Wednesday, September 06, 2006

There is no basis for democracy except in a dogma about the divine origin of man. That is a perfectly simple fact which the modern world will find out more and more to be a fact. Every other basis is a sort of sentimental confusion, full of merely verbal echoes of the older creeds. … Men will more and more realize that there is no meaning in democracy if there is no meaning in anything; and that there is no meaning in anything if the universe has not a center of significance and an authority that is the author of our rights.

-- G.K. Chesterton

Saturday, August 19, 2006

An "Idolization" of Democracy?

"I think that, on the whole, the faith that democratic capitalism is the Answer is one that tends to characterize the neocon project."
That's Mark Shea, circa 2006, summing up the "idolatry" of the neoconservative project in his latest post.

Methinks there is more to "neoconservatism" than meets the eye, or the curt dismissal of Mark Shea. For example, here is Irving Kristol, considered the "founder" of American neoconservatism:

Though the phrase "the quality of life" trips easily from so many lips these days, it tends to be one of those cliches with many trivial meanings and no large, serious one. Sometimes it merely refers to some externals as the enjoyment of cleaner air, cleaner water, cleaner streets. At other times it refers to the merely private enjoyment of music, painting and literature. Rarely does it have anything to do with the way the citizen in a democracy views himself -- his obligations, his intentions, his ultimate self-definition.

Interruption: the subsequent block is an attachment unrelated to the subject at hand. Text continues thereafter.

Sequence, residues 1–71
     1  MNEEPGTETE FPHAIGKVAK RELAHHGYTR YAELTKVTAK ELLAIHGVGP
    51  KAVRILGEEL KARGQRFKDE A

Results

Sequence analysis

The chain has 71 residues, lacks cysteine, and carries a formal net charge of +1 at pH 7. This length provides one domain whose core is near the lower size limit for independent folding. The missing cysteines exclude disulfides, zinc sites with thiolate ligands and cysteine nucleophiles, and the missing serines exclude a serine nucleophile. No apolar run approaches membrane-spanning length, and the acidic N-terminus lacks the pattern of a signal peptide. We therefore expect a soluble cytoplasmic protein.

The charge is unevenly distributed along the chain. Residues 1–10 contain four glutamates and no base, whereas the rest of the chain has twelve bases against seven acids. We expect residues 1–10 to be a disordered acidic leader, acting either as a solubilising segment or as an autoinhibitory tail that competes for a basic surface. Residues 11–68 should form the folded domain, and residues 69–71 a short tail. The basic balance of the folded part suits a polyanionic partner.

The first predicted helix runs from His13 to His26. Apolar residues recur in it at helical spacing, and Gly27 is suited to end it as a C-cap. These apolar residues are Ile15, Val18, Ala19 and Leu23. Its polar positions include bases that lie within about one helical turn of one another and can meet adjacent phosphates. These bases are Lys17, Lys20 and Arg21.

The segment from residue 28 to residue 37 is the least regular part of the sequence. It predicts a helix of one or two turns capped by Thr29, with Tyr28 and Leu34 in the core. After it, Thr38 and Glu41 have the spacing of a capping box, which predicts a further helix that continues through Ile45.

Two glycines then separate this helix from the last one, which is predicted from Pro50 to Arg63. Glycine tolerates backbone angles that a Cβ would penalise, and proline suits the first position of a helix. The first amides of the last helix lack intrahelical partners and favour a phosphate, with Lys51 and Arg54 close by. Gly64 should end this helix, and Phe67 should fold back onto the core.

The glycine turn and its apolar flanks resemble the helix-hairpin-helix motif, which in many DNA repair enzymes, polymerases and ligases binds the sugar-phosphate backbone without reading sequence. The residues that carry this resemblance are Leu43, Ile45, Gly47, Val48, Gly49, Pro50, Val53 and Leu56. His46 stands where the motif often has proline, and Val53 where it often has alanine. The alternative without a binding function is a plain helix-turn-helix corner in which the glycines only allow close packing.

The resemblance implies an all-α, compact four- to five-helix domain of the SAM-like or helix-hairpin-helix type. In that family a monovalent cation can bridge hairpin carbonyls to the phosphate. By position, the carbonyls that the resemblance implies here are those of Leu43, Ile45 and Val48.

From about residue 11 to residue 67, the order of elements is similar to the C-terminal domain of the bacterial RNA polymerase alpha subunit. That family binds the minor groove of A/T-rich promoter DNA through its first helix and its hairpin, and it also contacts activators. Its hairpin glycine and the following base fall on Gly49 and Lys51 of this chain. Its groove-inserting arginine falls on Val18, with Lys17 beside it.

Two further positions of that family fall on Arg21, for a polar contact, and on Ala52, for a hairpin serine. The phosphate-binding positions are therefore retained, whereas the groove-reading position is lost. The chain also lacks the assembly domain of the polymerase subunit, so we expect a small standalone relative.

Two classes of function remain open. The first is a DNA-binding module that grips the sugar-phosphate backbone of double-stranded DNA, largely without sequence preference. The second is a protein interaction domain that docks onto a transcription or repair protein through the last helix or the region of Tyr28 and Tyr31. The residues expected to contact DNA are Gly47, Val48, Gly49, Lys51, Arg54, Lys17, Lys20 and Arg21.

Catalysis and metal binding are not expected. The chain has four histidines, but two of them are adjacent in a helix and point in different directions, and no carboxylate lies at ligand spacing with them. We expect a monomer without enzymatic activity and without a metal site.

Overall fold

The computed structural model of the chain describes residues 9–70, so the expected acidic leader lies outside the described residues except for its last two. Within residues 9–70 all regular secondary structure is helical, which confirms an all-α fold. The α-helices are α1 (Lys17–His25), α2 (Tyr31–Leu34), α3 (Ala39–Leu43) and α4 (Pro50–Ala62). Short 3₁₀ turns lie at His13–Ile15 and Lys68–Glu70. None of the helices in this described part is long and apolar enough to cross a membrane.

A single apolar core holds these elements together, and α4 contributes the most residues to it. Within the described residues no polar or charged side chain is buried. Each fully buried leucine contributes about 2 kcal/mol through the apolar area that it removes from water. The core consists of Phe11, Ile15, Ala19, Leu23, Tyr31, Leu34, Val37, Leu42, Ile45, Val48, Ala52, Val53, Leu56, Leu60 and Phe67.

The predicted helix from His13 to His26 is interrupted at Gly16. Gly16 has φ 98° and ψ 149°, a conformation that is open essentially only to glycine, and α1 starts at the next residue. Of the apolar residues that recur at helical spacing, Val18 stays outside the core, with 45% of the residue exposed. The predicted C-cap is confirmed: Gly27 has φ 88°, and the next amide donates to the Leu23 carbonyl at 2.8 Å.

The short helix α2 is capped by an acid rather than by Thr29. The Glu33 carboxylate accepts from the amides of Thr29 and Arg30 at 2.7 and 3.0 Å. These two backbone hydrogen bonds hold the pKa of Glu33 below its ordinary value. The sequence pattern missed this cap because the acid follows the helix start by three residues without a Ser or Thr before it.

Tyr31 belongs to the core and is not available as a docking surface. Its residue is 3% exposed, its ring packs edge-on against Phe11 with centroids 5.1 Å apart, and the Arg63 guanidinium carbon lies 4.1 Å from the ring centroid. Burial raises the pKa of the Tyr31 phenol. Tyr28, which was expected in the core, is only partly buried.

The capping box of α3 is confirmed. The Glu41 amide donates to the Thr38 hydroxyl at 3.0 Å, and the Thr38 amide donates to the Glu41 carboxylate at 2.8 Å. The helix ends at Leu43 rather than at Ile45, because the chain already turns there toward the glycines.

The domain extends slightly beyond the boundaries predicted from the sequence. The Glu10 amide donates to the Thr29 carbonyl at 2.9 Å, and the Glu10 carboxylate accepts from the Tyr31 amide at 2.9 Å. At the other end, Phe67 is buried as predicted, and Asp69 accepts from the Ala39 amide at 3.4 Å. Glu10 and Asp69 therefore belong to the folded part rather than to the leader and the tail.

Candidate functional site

Instead, what I would call the "managerial" conception of democracy is the predominant opinion among political scientists, socialogists, economists, and has, through the untiring efforts of these scholars, become the conventional journalistic opinion as well. The root idea behind this managerial conception of democracy is 'a political system' (as they say) which can be adequately defined in terms of -- can be fully reduced to -- its mechanical arrangements. Democracy is then seen as a set of rules or procedures, and nothing but a set of rules and procedures, whereby majority rule and minority rights are reconciled in a state of equilibrium. If everyone follows these rules and procedures, then democracy is in good working order. I think this is a fair description of the democratic idea that currently prevails in academia. One can now say that it is the liberal idea of democracy par excellence.

I cannot help but feel there is something ridiculous about being this kind of a democrat, and I must confess to having a sneaking sympathy for those young radicals who also find it ridiculous. The absurdity is the absurdity of idolatry -- of taking the symbolic for the real, the means for the end. The purpose of democracy cannot possibly be the endless functioning of its own political machinery. The purpose of any political regime is to achieve some version of the good life and the good society. It is not at all difficult to imagine a perfectly functioning democracy which answers all questions except one -- namely, why should anyone of intelligence and spirit care a fig for it?